Profile: Saajid Badat
Saajid Badat was a participant or observer in the following events:
Radical London imam Abu Hamza al-Masri helps recruit Saajid Badat, who will later go on to be involved in a shoe bombing plot. Unlike many of Abu Hamza’s recruits, Badat is middle-class, but has argued with his father and moved to London. There Badat attends mosques around the capital and is moved by the plight of Muslims in the former Yugoslavia. Badat is impressed by Abu Hamza’s rhetoric and the fact that he actually went to Bosnia, and goes to Sarajevo himself in 1998. He then goes to study Islam in madrassas (Islamic boarding schools) in the Middle East and Pakistan. His travel to training camps in Afghanistan at the start of 1999 is reportedly arranged by the same people that perform the same service for fellow shoe bomber Richard Reid (see December 22, 2001), whom Badat will link up with in Pakistan in November 2001 (see November 20, 2001). [O'Neill and McGrory, 2006, pp. 229-230]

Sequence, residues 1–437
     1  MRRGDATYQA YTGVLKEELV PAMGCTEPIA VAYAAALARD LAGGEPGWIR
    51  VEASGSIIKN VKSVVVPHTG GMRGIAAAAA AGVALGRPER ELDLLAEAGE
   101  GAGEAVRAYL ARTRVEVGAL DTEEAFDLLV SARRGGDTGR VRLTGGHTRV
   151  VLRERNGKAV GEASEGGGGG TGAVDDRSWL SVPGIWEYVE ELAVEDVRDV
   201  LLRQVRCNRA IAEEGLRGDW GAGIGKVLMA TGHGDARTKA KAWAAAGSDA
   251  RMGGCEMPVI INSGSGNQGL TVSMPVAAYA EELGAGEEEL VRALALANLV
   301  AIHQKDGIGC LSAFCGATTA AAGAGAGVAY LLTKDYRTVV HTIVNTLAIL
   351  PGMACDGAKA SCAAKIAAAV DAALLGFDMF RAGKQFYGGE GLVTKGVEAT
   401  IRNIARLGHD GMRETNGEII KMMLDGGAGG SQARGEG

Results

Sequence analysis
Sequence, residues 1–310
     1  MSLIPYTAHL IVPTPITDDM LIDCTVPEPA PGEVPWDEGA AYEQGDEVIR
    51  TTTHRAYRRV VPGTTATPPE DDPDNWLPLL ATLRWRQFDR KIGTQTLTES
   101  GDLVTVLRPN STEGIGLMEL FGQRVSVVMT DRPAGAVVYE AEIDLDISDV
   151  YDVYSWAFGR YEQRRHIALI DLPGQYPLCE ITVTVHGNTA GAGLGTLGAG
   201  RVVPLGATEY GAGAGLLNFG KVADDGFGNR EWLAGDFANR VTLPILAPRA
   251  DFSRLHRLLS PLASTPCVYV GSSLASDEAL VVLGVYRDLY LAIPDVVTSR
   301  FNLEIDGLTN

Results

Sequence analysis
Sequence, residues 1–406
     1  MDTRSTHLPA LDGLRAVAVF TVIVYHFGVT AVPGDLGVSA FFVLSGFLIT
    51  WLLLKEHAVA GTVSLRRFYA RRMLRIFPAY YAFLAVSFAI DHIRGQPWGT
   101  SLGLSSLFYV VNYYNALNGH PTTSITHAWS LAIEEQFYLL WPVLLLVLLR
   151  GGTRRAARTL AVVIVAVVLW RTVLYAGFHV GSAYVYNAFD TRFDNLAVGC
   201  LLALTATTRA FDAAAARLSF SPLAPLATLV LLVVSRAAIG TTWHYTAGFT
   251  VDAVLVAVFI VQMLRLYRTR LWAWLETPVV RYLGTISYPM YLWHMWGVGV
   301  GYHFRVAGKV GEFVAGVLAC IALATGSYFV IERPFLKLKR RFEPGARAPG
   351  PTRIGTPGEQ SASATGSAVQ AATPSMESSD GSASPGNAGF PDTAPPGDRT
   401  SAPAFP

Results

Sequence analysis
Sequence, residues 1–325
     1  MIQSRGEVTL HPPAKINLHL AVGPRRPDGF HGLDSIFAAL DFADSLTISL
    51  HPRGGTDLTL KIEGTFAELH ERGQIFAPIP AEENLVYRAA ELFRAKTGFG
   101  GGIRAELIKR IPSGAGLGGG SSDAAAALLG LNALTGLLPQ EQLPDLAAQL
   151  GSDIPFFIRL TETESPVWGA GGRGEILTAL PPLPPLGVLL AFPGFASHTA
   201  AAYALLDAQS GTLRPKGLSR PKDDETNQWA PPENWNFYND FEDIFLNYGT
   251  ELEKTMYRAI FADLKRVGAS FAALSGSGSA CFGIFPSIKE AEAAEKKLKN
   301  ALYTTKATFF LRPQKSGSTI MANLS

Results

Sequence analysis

A group of recruits at the radical Finsbury Park mosque in London, which is run by British intelligence informer and radical London imam Abu Hamza al-Masri (see Early 1997), starts to be groomed as suicide bombers. The group includes shoe bomber Richard Reid (see December 22, 2001) and Saajid Badat, one of his accomplices (see (December 14, 2001)). Some of the suicide squad live in Brixton, south London, with Zacarias Moussaoui. Salam Abdullah, a radical who attends the mosque at this time, will later say, “You could tell from the way they were treated by Abu Hamza and his aides that they were marked for something special, but we didn’t know it was for suicide attacks.” Other mosque-goers do not discuss the group, and the men do not talk about their mission, but periodically disappear, presumably to go abroad for training. Some of them are foreigners, who are known only by their nicknames, and are sent to Finsbury Park from other militant centers around Britain and Europe. Authors Sean O’Neill and Daniel McGrory will later comment: “It was in north London that the suicide bombers were provided with money, documents, and the names of the contacts who would steer them to the intended targets in the Middle East, Afghanistan, Chechnya, Kashmir, and the cities of Europe.” [O'Neill and McGrory, 2006, pp. 89-93] In addition to being an informer for the British, Abu Hamza is himself under surveillance by numerous intelligence services, including the same British ones he works for (see Summer 1996-August 1998, (November 11, 1998), and February 1999). What the British authorities know of this squad, and whether they attempt to do anything about it is unknown.